Ninja Pizza Girl
Developer: Disparity Games
Publisher: Disparity Games
Release Date: Sep 30, 2015
Ninja Pizza Girl is a strange game, and I wonder if the vision of what they wanted to create conflicted with what they were able to create.
Before I get into a critical analysis of it, let’s get into what Pizza Ninja Girl is. The game is a 2D sidescrolling platform game where every level is on a timer. You play as a Pizza Girl who has to deliver pizza in a certain timeframe or it gets too cold and you have to restart.
Mechanically, the game feels more like an Infinite Runner style of game, the genre of platform games where you don’t control the forward movement of the character and instead are more in control of the precise inputs for jumping and everything else. It isn’t that kind of game, because you do press forward and backward to run in those directions, however. While I prefer platform games that do allow you to control the movement of the character, it almost feels unnecessary in this title since there’s no analog control for speed; press a direction and off you run. If you fall, it just puts you on a different track which, for the most part, makes the typically most dangerous enemy of a platform game, gravity, not as much of a big deal in the game. The largest concern for the player is time, though, and falling is a problem because it can put you on a path that takes more time to complete. There are obstacles to vault, gaps to cross and walls to jump off of. The game throws some stationary enemies into your path. Some of those enemies also throw projectiles. As the game progresses it finds new ways of adding more obstacles and enemies into the levels.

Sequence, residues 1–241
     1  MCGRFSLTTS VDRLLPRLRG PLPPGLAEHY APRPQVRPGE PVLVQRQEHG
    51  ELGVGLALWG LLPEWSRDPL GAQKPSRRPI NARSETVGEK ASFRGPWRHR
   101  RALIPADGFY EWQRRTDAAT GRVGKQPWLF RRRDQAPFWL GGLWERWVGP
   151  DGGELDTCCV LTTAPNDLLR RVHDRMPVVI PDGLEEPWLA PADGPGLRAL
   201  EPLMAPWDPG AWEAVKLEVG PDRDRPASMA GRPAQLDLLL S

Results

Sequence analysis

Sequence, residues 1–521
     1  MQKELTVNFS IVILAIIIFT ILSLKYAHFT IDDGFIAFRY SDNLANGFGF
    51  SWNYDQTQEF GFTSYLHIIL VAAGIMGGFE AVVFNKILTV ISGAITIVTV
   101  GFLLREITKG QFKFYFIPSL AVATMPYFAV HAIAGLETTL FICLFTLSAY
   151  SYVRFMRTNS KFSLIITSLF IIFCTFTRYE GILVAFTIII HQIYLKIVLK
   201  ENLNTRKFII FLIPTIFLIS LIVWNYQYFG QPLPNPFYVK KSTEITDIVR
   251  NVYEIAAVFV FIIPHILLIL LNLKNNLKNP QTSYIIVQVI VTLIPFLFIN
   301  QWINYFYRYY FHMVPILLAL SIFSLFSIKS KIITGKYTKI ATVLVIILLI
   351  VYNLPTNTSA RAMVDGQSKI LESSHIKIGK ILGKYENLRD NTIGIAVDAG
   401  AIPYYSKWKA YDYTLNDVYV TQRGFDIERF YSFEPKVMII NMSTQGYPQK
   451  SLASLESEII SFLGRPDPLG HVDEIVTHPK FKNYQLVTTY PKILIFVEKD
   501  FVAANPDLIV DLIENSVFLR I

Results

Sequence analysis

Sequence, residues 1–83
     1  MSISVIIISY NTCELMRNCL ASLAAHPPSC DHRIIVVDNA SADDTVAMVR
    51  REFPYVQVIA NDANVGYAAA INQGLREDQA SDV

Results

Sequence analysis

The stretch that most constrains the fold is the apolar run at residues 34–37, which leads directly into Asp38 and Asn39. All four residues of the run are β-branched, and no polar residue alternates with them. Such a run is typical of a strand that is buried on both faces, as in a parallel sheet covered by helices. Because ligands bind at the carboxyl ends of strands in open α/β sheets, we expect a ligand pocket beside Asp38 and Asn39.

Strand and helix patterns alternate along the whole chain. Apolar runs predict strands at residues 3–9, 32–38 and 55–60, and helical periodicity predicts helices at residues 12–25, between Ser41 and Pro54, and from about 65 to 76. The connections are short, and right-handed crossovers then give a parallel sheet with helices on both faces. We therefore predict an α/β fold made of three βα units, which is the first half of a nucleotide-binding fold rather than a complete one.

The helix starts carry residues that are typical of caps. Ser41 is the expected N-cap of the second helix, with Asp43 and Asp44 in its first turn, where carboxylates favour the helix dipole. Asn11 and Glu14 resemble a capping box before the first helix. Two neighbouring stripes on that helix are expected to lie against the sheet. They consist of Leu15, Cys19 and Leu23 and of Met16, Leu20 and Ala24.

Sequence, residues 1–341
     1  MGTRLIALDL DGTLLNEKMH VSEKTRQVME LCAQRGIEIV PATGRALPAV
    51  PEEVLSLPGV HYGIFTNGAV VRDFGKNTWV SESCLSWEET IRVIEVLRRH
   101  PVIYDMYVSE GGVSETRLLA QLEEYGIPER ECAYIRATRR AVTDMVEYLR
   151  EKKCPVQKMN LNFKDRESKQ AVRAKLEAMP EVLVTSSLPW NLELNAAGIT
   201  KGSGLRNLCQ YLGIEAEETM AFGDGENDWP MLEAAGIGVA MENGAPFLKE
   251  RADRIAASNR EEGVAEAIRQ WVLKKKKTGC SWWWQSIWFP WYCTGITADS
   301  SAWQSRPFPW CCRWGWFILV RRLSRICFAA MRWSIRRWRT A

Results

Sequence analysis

Sounds alright so far, right? As a platform game there’s nothing here that’s reinventing the wheel, or even really trying to do so, but it remains competent. The level design too often introduces a new thing, like wall jumping or jump kicking boards to break, and then doesn’t do a great job combining those things together so that the levels feel like they’re progressively evolving with the challenges introduced. However, the levels continue to get more difficult, so it is still provides an increasing challenge. If that was all the game was, I’d count it as one of a million largely forgettable platforming games.
But wait, there’s more!